Friday, July 31, 2020
Five years ago this month, on July 14, 2015, the New Horizons spacecraft made its historic flyby of Pluto, revealing a beautiful, complex planet and changing our view and understanding of that planet forever.
It is incredibly hard to believe that half a decade has passed since that amazing time, when Pluto became a rock star and made headlines around the world.
So many expected to find an inactive, dead world and were that much more surprised when instead, the spacecraft and its science instruments revealed a planet more geologically active than Mars, a planet with floating glaciers, windswept dunes, cryo-volcanoes, layers of atmospheric hazes, bladed terrains, mountains of water ice, interaction between surface and atmosphere, a likely subsurface ocean, and more than anything else, an iconic heart-shaped feature named Tombaugh Regio.
In the five years that have passed since then, numerous scientific papers have been written based on the data New Horizons returned. While it flew on past a second target and then proceeded to do more science studying the Kuiper Belt, planetary scientists, recognizing the flyby raised many more questions than it answered, have already begun advocating for returning with an orbiter.
An orbiter is the logical next step because it will be able to map the whole planet and provide high resolution images of the non-encounter hemisphere, which New Horizons was only about to image in low resolution.
Analysis of data returned by New Horizons seems to indicate Pluto not only harbors a subsurface ocean but likely has had that ocean since its formation four billion years ago. This puts Pluto in the growing category of ocean worlds in our solar system—worlds such as Ceres, Jupiter’s moons Europa and possibly Ganymede and Callisto, Saturn’s moons Enceladus and Titan, and Neptune’s moon Triton.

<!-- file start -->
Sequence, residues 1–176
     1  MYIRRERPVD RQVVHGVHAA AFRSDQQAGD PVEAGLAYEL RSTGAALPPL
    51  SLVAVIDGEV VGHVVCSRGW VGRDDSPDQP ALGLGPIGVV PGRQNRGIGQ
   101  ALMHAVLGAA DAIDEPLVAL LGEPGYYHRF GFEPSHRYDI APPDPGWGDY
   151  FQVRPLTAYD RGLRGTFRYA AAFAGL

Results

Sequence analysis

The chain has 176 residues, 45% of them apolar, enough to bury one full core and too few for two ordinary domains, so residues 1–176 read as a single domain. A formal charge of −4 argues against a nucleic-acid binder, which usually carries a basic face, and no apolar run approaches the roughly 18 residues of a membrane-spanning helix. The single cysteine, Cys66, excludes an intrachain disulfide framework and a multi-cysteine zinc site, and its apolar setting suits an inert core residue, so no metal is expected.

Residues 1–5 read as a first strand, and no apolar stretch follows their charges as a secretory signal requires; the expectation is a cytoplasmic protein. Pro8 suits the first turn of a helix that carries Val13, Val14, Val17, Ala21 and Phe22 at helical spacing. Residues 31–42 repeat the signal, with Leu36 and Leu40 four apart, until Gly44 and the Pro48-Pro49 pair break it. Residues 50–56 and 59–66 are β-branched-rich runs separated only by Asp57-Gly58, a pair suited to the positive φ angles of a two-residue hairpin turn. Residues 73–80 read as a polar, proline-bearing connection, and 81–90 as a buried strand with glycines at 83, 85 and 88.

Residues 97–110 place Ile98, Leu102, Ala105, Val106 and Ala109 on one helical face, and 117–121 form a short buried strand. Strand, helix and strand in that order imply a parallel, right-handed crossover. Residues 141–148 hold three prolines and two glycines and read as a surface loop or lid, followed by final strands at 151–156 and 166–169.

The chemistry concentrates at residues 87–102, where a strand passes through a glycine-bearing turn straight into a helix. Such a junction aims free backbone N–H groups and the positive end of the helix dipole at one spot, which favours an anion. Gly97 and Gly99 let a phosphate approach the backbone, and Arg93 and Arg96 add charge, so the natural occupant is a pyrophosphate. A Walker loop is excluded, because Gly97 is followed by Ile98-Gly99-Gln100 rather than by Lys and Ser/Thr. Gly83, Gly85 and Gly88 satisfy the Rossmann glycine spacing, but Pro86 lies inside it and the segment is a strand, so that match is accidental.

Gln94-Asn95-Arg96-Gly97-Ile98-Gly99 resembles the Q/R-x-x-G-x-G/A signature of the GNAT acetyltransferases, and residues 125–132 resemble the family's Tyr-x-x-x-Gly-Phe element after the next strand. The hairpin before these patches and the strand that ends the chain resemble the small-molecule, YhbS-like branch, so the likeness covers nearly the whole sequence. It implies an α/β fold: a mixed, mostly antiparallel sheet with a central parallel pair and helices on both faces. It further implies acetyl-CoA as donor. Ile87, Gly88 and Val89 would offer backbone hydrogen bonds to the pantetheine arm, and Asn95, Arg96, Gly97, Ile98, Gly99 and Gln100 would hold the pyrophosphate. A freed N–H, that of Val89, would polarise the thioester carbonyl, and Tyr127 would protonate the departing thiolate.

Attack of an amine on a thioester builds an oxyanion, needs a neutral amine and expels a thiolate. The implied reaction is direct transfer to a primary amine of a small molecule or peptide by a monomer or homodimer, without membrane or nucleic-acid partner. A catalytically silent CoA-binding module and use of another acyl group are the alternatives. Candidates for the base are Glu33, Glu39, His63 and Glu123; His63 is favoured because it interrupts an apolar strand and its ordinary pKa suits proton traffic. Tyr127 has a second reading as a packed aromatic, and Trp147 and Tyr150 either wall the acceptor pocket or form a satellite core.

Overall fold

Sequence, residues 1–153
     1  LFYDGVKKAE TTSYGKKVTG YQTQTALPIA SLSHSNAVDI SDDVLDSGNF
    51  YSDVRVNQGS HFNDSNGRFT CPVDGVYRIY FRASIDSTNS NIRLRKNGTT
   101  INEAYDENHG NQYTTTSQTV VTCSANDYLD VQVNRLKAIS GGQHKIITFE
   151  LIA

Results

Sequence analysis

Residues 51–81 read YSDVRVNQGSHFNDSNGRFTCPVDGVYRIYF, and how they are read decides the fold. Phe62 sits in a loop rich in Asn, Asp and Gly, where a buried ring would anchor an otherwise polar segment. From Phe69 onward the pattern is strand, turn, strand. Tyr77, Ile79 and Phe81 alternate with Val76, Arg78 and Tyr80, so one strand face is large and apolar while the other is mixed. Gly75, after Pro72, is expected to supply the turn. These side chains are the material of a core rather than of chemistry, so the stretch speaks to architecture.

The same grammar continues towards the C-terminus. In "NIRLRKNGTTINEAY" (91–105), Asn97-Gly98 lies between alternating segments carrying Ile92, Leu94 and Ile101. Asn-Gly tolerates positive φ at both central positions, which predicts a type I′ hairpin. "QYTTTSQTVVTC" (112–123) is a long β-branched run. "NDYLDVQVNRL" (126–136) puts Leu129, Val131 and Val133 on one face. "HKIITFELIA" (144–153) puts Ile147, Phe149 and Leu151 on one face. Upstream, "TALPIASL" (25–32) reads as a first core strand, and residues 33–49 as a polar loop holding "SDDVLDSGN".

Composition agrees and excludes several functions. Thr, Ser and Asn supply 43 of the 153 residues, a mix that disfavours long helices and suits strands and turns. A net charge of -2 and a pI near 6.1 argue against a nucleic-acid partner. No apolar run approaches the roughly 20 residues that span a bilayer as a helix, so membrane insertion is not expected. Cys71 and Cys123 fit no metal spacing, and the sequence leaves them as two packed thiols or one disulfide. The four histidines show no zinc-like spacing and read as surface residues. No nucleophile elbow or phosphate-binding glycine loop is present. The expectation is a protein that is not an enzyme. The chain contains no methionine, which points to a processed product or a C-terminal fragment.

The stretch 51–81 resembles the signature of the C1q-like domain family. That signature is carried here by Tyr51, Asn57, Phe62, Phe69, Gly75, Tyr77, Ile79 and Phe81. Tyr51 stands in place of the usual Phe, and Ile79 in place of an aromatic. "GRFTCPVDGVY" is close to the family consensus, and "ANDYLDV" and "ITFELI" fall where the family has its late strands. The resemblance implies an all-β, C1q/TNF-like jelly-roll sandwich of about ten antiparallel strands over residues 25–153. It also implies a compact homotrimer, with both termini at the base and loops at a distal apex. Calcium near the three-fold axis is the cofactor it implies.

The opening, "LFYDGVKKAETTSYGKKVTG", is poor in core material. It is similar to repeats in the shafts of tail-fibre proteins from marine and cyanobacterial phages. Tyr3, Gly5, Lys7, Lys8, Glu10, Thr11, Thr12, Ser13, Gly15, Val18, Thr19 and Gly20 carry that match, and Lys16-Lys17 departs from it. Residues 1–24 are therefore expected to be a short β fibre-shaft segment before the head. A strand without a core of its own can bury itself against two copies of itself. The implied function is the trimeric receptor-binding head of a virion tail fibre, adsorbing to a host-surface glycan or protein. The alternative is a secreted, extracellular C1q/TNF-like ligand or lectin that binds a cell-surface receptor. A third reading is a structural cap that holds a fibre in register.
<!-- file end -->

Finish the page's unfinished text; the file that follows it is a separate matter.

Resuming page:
It may be that we need to recognize more subcategories of planets, specifically, these ocean worlds, any of which could possibly harbor microbial life and therefore completely alter our notions of what constitutes a star’s habitable zone.
The Pluto flyby was an exciting, thrilling accomplishment that stands in stark contrast to the troubled times we face now. But that also makes it a statement of hope, an Apollo moment, when people working together persevered in a long term effort that took a decade and a half to get to launch and then nearly another decade to reach its target. It is an inspiring achievement of people coming together, working with limited resources, building an extremely efficient spacecraft, and cooperating to quickly address any difficulties along the way. Flying a piano-sized spacecraft to a small, distant planet took precision, intellect, collaborating and problem solving—skills much needed around the world right now to address the various crises that plague this planet.
Beautiful Pluto inspired and gave hope to so many people. This mission stands as a tribute to the good people can do when they come together to work toward a difficult, ambitious goal.
Personally, I continue to hold the faith that scientists will succeed in returning to Pluto with an orbiter and that this return will be in my lifetime and the lifetimes of the many people who worked on the New Horizons mission and those who were enthralled by it.
For those interested, there are two new compilations of New Horizons' findings at Pluto. One is an e-book by Astronomy magazine, titled The Strange, Icy World of Pluto, which is available as a PDF for download at https://astronomy.com/-/media/Files/PDF/Marketing/Ebooks/Plutoebook.pdf and an academic textbook coming out next year titled The Pluto System After New Horizons, which is available for order at https://uapress.arizona.edu/book/the-pluto-system-after-new-horizons .
Thursday, July 16, 2020
Monday, July 13, 2020
Thursday, July 9, 2020
This blog entry, with retrospectives written by members of the New Horizons team, celebrates the fifth anniversary of the spacecraft's Pluto Flyby on July 14, 2015.
Wednesday, July 8, 2020
This Planetary Society radio interview with New Horizons Principal Investigator Alan Stern commemorates the fifth anniversary of New Horizons' Pluto flyby.